• High-profile Senate candidate and “Hillbilly Elegy” author J.D. Vance then publicly suggested raising taxes on such "woke" companies.

Yes, but: Republican fury with Corporate America is not translating, so far, into a meaningful change in the standard Republican position on a major issue of the day: tax policy.

  • Sen. Rick Scott (R-Fla.), chairman of the National Republican Senatorial Committee, told Axios on Tuesday he doesn’t think his frustration with many of these corporations will prevent him from opposing tax hikes. The interview followed his "open letter" to "Woke Corporate America" on Monday, which warned of a "day of reckoning."
  • Sen. Mitt Romney (R-Utah), who told Biden on Monday he’s opposed to increasing the corporate tax hikes, separately told Axios: “We have a long history as a party, and as individuals, in working with various enterprises in our respective states, and I think they know where we stand."
  • Neil Bradley, chief policy officer at the U.S. Chamber of Commerce, said: "I wouldn't expect that they would suddenly change their view about what's best for the country because of disagreements on unrelated issues."

What's next: Republicans largely see the corporate tax rate as a tax on others — investors, pensioners and customers. But there are a ton of other ways they can get even with companies that have taken them to task.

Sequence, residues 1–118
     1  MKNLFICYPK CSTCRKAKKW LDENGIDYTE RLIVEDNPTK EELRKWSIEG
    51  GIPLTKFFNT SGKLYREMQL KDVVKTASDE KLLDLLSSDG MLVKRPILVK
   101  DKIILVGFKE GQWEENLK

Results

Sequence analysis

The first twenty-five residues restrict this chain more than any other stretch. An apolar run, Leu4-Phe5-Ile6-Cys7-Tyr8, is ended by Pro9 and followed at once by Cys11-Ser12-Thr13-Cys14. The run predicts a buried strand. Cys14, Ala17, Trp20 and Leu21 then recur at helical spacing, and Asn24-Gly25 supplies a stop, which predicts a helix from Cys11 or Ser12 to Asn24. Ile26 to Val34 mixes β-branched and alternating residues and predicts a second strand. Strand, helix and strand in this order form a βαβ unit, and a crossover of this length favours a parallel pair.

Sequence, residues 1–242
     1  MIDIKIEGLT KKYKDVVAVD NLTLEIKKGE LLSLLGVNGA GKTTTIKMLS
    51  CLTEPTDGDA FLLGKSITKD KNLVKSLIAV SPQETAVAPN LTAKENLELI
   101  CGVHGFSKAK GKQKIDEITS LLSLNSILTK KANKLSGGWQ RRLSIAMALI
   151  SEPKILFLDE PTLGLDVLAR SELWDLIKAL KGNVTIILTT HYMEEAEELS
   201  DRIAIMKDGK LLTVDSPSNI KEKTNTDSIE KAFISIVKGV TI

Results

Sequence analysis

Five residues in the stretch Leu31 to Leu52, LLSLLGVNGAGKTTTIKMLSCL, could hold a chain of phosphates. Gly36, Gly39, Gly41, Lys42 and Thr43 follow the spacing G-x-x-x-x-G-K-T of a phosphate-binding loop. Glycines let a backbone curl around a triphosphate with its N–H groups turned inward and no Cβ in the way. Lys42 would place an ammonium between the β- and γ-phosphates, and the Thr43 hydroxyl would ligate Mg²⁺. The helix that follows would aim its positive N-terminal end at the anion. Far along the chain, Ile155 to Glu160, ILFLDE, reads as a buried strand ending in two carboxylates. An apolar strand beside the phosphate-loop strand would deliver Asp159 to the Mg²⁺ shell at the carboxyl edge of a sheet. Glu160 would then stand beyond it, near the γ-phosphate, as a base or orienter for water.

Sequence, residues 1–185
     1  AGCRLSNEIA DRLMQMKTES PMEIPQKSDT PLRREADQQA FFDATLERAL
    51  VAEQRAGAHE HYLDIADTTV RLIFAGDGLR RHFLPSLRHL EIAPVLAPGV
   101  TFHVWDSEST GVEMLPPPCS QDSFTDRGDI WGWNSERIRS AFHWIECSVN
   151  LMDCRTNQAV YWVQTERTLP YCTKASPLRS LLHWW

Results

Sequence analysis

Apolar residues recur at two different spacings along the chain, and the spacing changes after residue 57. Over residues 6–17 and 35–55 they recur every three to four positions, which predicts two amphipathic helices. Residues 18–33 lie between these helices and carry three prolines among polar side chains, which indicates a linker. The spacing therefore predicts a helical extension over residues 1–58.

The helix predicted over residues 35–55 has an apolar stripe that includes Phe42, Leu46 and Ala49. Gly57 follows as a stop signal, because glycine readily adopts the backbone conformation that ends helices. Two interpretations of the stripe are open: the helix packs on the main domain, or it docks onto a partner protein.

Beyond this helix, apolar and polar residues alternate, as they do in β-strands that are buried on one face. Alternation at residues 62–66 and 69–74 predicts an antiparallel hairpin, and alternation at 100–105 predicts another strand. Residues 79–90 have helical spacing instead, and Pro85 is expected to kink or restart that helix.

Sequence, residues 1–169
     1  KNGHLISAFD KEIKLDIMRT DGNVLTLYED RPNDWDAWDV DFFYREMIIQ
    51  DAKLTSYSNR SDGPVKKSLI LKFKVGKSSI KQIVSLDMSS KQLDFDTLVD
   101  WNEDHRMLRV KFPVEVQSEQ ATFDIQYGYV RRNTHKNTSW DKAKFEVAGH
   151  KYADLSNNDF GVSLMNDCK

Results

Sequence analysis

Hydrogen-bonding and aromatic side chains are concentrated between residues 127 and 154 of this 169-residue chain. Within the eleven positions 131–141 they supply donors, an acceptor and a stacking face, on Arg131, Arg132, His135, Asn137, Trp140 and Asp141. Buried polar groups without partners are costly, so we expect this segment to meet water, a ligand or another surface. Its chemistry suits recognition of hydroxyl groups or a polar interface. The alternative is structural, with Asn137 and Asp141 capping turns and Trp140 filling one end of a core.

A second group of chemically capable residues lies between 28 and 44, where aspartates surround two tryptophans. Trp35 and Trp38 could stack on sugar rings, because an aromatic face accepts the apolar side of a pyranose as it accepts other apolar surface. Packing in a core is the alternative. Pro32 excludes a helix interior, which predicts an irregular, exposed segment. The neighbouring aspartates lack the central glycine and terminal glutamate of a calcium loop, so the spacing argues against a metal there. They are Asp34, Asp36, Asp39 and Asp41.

• Airlines rely on the government for tax treatment, route approval and infrastructure near their facilities. Manufacturers for trade policy. Shippers for tariff treatment. Revenge can come in many forms, deep inside legislation.
  • "The level of political sophistication for Fortune 500 companies is going to have to increase exponentially here and quickly," said a GOP consultant who advises large firms in D.C.
  • "The business community writ large is probably two to four years from being in the same position as the tech industry," the consultant added, referring to recent bipartisan backlash against Silicon Valley. "The Rob Portmans are retiring. You're going to have more Josh Hawleys."